New York — Consumers have made electronics the gift of choice this holiday season, filling stores, and the coffers, of CE dealers coast to coast.
Absent a hot toy or apparel trend, and fueled by lower prices on previously out-of-reach products, shoppers are devouring stocks of digital cameras, MP3 players, notebook computers and enhanced-definition plasma TVs, triggering spot shortages of flat-panel displays, iPods and other items.
While sales and traffic at CE stores are outpacing retail overall, dealers are not without disappointments. Component audio continues to lag the industry, retailers reported last week, while sales of camcorders, car audio, and movie and music software are also soft.
What’s more, due perhaps to market saturation, last year’s door-buster darling, the basic DVD player, is no longer a holiday favorite, supplanted instead by portable and recordable DVD devices.
“The mix of hit products is narrow but deep,” observed Roger Heuberger, executive director of the Progressive Retailers Organization (PRO Group), whose members include Crutchfield, Ken Crane’s, Abt, Bjorn’s, MyerEmco, Huppins, 6th Ave. Electronics and Tweeter.
Top PRO sellers this season include “gifty items” like iPods and accessories, XM handheld receivers and portable navigation, Heuberger said. Meanwhile, an “insatiable demand” for ED plasma TV, kindled by dramatically lower prices, has left that category in short supply, he reported, although word is that sub-$1,700 models, which are not sold by PRO, are experiencing high rates of return, he said.
Geographically, business is “really good in most parts of the country,” particularly in California and the Northeast, Heuberger noted. “By and large, it’s a pretty solid season.”
Despite some unusual choppiness, The NATM Buying Corp., comprised of such regional heavyweights as Bernie’s, BrandsMart, Boscov’s, Conn’s, Cowboy Maloney’s, Nebraska Furniture Mart and R.C. Willey, is also enjoying solid holiday sales, beginning with an exceptional Black Friday weekend.
“It’s been a strange December, like a roller coaster, with some very strong days and weaker days,” observed executive director Bill Trawick. Nevertheless, group comps are up for the first 13 days of the month, he said, “and I’m confident that it will be a strong season.”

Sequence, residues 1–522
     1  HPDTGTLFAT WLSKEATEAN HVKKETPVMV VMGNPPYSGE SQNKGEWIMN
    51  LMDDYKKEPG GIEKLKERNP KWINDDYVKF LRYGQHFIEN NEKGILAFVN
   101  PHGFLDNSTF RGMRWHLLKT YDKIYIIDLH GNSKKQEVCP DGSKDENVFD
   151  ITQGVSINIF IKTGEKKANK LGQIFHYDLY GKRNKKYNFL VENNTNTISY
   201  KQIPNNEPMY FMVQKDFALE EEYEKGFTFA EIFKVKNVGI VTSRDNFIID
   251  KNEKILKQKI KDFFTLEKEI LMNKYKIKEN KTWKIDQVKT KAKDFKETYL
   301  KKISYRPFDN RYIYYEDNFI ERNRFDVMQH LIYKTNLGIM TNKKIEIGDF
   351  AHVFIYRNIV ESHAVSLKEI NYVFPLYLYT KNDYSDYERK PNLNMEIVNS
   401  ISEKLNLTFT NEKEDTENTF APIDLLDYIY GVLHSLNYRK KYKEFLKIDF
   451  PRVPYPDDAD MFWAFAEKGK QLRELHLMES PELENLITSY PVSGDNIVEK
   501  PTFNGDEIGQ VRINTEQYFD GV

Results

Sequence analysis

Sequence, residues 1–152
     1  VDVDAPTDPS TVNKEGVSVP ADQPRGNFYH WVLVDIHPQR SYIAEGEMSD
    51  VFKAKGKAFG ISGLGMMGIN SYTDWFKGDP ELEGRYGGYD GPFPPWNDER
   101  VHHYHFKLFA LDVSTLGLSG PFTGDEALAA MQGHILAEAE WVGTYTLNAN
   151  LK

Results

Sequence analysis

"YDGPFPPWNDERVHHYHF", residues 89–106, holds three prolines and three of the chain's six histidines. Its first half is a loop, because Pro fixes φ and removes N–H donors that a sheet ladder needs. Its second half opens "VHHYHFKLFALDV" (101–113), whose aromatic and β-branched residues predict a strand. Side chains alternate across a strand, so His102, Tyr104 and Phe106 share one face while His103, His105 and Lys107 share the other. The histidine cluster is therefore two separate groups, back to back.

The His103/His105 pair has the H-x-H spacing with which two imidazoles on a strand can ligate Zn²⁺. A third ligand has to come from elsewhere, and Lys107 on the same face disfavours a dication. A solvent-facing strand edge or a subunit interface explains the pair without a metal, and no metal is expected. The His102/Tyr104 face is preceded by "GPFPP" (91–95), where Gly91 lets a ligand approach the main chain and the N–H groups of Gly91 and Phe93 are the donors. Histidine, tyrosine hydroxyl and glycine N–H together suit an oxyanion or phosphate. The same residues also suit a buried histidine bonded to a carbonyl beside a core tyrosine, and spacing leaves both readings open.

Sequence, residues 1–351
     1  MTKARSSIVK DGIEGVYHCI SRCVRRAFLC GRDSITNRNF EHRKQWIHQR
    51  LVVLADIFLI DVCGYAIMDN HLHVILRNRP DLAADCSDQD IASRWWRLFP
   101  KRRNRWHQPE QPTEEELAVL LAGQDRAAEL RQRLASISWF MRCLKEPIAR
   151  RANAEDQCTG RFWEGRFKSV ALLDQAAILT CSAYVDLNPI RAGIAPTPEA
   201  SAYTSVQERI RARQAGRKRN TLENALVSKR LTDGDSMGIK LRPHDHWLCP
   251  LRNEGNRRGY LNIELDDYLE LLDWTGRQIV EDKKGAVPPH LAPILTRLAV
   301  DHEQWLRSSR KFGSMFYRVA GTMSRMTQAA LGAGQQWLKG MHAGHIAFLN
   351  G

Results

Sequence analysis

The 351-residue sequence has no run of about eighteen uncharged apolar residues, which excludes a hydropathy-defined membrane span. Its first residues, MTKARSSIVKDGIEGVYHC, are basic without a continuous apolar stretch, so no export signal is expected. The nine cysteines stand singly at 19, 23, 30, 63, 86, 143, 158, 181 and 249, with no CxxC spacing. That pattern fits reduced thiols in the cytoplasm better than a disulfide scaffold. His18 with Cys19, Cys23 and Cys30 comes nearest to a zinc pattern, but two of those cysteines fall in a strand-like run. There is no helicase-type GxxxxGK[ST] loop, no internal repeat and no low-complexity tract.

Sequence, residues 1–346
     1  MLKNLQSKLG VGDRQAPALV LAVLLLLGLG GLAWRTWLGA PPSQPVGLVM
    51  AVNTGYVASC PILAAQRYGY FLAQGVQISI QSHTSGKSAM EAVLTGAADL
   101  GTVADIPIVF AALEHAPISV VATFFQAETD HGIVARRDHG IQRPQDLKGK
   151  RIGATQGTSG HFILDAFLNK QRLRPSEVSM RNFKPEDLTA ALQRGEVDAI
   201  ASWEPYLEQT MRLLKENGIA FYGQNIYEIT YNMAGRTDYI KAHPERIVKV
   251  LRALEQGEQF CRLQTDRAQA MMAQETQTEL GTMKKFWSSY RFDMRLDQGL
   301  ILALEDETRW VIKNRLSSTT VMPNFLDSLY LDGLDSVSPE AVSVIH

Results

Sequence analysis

Fueling that faith are brisk sales of flat-panel, microdisplay and combo unit TVs, notebook and desktop computers, and portable DVD (“on fire”) and DVD recorders (“phenomenal numbers”). The group is also enjoying a “pretty strong” white-goods business this season, driven by new front-load washers and sales of multi-SKU appliance packages.
Those gains will more than offset weakness in tube TVs, traditional audio, basic DVD players and camcorders, Trawick said.
Like PRO Group, NATM has experienced shortages and delayed shipments from a majority of vendors in a number of categories, although the group has access to ample inventory to see it through the season, he said.
Among national chains, Best Buy projected its December comp gains at between 3 percent and 5 percent, driven by continued strength in DTV, MP3 players, digital cameras, notebook computers and appliances, chief financial officer Darren Jackson said.
Jackson also described the period as more promotional than last year, which executive VP/general merchandise manager Ron Boire confirmed in a conference call last week. “Our competitors get more competitive week to week,” he told analysts, although he described the discounting as more reactionary than strategic.
“There’s a general choppiness in the numbers,” Boire said, “more rifle shot-ing,” with individual markets or particular categories “heating up” for a limited time.
Boire also acknowledged softness in CD and DVD software sales, as did Circuit City. Both blamed the downturn on a weaker new release schedule and slower traffic, which Boire attributed to the impact of high fuel prices on lower income consumers.